Two weeks ago during a “town hall” event at Chief Sealth International High School, Mayor Jenny Durkan said the city was looking at laws to help prevent violence involving guns. Today, she and two other citywide elected officials announced what they’re working on – here’s the news release:
Seattle Mayor Jenny A. Durkan, Seattle City Attorney Pete Holmes, and Councilmember M. Lorena González announced that they will be developing legislation within the next month to address gun violence in Seattle. Following outreach and engagement with stakeholders including gun owners, safety advocates, community members, public health experts and others, this legislation will require safe storage of firearms and increase civil penalties and legal responsibility for not reporting lost or stolen firearms, which is required within 24 hours.
“We should not pretend for one second that the level of carnage in our country from guns is inevitable. We cannot allow it to become the new normal,” said Mayor Durkan. “Unsecured, unsafely stored firearms are more likely to be stolen, used in a suicide, accessed by children and teens and unintentionally fired.”
Across the country, nearly 1,300 children die and 5,790 are treated for gunshot wounds each year. In 2015, an estimated 150,000 adults in King County reported keeping a firearm unlocked. In Seattle, 250 stolen guns were reported from burglaries and car prowls in 2017 according to Seattle Police Department.
“We’re taking seriously the call to action from youth and their families to address gun violence in our schools, our communities, and within our own homes,” said Councilmember M. Lorena González (Citywide, Position 9). “More than 40 percent of King County adults with guns in or around their home said they left them unlocked. This legislation is about public safety. Our proposal to require gunowners to safely store their firearms will prevent children from accessing guns, and will reduce firearm injuries, accidental deaths and suicides among our youth. Simply put: this strategy will help us create a safer community.”
“Gun violence and mass shootings are a plague on our society, and for too long our federal and state governments have failed to enact common sense measures to promote gun safety. I support, and am prepared to defend, Seattle taking steps to move forward at the local level,” said Seattle City Attorney Pete Holmes.
In 2015, the Seattle City Council passed legislation to establish a tax on gun and ammunition sales to fund gun violence prevention research. Although the City Council continued funding gun violence prevention work at Harborview Injury Prevention & Research Center, the revenue was initially blocked due to ongoing litigation. With the tax upheld by the State Supreme Court, this proposal will invest 2018 revenue and future gun and ammo tax revenues in Harborview Injury Prevention & Research Center’s work to help individuals with firearm injuries.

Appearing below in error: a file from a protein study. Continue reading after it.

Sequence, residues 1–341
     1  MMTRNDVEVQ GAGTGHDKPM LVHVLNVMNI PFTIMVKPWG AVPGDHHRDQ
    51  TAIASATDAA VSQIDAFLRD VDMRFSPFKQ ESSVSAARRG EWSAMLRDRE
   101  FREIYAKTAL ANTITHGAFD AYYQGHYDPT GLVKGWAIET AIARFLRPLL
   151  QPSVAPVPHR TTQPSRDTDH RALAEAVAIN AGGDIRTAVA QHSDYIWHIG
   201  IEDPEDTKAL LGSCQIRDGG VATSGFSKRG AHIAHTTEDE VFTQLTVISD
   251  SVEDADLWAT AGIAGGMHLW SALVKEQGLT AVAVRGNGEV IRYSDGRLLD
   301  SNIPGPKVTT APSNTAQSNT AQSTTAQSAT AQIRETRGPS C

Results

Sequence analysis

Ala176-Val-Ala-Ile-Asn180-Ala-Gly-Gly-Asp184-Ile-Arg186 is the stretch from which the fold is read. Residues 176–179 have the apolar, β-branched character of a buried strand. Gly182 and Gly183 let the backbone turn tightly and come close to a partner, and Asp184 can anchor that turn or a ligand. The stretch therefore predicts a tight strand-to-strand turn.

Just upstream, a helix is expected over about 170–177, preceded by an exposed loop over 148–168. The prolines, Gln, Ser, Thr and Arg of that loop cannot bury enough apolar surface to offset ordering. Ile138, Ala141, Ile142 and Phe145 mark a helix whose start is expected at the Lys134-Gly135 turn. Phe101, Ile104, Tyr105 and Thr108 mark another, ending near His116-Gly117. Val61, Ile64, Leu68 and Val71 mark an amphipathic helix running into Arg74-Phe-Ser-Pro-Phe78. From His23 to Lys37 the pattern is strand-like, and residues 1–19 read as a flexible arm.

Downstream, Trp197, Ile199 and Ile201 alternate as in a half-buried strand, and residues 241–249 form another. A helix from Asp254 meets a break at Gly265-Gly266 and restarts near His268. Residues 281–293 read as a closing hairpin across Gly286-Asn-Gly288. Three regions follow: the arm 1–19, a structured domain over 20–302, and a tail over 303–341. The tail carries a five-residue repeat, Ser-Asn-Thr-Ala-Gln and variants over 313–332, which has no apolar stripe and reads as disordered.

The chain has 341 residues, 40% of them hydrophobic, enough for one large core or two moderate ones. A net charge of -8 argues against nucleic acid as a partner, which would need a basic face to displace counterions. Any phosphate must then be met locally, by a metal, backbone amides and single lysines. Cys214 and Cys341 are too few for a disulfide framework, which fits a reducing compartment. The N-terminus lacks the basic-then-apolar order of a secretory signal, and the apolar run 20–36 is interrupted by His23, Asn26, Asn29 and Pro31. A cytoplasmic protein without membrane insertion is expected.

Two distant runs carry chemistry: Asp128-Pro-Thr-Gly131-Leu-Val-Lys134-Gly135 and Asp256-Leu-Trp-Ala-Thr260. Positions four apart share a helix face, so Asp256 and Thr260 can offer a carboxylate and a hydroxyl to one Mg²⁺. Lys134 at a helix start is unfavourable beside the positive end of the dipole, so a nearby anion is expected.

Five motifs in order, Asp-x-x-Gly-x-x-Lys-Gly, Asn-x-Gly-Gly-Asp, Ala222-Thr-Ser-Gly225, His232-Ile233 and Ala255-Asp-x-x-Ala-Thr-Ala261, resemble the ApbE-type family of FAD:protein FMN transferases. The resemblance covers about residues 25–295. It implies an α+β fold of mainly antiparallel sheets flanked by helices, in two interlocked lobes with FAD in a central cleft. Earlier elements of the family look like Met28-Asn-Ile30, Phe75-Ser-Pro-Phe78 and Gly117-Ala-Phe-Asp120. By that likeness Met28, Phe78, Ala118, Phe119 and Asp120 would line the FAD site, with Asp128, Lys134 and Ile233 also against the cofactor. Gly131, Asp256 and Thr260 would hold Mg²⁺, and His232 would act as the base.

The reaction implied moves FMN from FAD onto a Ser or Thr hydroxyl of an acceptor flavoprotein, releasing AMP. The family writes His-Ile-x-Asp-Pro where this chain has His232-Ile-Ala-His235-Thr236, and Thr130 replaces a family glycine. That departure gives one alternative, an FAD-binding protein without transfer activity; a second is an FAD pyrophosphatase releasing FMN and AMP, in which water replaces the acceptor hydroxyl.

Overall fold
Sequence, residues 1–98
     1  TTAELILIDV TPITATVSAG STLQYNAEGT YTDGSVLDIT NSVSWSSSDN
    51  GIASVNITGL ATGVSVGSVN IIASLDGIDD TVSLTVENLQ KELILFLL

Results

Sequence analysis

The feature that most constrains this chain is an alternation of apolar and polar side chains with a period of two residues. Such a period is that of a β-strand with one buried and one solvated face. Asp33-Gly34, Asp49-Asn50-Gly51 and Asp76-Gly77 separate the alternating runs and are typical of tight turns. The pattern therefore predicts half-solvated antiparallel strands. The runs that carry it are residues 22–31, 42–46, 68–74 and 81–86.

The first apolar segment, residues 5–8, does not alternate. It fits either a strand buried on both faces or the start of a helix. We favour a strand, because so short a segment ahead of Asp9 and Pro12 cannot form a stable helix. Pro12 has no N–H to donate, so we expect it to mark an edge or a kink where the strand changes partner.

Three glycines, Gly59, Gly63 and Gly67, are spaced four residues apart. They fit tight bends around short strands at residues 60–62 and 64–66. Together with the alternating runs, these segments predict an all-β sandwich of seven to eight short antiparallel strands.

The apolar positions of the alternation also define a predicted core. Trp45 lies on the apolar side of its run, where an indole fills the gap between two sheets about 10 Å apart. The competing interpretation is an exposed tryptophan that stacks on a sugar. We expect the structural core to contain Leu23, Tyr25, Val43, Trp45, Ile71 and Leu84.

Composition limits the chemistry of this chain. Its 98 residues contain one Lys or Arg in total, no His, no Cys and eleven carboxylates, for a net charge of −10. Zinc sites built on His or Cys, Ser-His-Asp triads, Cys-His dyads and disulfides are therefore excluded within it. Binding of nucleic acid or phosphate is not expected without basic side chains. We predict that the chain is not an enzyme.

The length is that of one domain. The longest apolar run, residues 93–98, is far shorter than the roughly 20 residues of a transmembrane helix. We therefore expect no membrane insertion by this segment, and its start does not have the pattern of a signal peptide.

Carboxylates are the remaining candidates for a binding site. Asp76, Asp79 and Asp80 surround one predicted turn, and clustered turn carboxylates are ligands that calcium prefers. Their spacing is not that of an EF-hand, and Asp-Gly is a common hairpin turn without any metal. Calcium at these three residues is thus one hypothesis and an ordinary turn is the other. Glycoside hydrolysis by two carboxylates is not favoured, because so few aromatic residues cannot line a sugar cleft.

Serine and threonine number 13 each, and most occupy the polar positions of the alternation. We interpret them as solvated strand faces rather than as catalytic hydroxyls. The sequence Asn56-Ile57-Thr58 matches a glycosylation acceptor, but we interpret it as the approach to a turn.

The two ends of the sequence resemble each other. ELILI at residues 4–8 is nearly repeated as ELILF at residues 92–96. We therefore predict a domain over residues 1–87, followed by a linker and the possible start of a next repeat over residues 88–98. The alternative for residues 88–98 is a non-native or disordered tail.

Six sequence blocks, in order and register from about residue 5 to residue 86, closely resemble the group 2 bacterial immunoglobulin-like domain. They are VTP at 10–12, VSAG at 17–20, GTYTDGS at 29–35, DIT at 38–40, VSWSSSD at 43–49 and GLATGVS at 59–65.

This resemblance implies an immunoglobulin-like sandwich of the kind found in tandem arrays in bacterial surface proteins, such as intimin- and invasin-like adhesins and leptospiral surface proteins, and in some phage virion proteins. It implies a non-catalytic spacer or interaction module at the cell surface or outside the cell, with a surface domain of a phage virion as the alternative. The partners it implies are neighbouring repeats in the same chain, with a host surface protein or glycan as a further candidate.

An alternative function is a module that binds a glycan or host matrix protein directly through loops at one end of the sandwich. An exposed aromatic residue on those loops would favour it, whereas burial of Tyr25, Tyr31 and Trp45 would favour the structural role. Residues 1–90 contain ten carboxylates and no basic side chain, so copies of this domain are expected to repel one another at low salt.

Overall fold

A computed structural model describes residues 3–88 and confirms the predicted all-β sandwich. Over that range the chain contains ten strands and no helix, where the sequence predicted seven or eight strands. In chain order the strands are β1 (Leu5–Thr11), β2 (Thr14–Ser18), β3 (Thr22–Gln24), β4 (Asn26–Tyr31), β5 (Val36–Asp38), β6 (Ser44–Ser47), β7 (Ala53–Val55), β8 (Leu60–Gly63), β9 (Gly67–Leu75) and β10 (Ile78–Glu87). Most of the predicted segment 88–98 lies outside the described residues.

In 2013, Seattle became the first city in the nation to conduct basic research on gun safety. The City Council-funded research led to a report from The Harborview Injury Prevention and Research Center that established that “gun violence begets gun violence.” The research found that individuals hospitalized for a firearm injury were 30 times more likely to be re-hospitalized for another firearm injury than people admitted to the hospital for non-firearm related injuries.
In addition, the City of Seattle and Seattle Police Department launched a new site, seattle.gov/ERPO, to ensure all Seattle residents can easily complete an Extreme Risk Protection Order (ERPO). An ERPO was designed to give family, household members, and law enforcement a way to petition the court to restrict the access and ability for a person with health crisis issues to purchase or possess firearms. In Seattle, 18 ERPOs have been petitioned by law enforcement with 37 weapons recovered.
“From Columbine to Newtown to Parkland, we are constantly reminded that Extreme Risk Protection Orders are more important than ever. These protection orders won’t prevent every act of gun violence, but we know they are already making a difference,” said Seattle Interim Police Chief Carmen Best.
Councilmember González, a West Seattle resident re-elected last year to a citywide council seat, chairs the committee that would consider new laws, the Gender Equity, Safe Communities, New Americans, and Education Committee.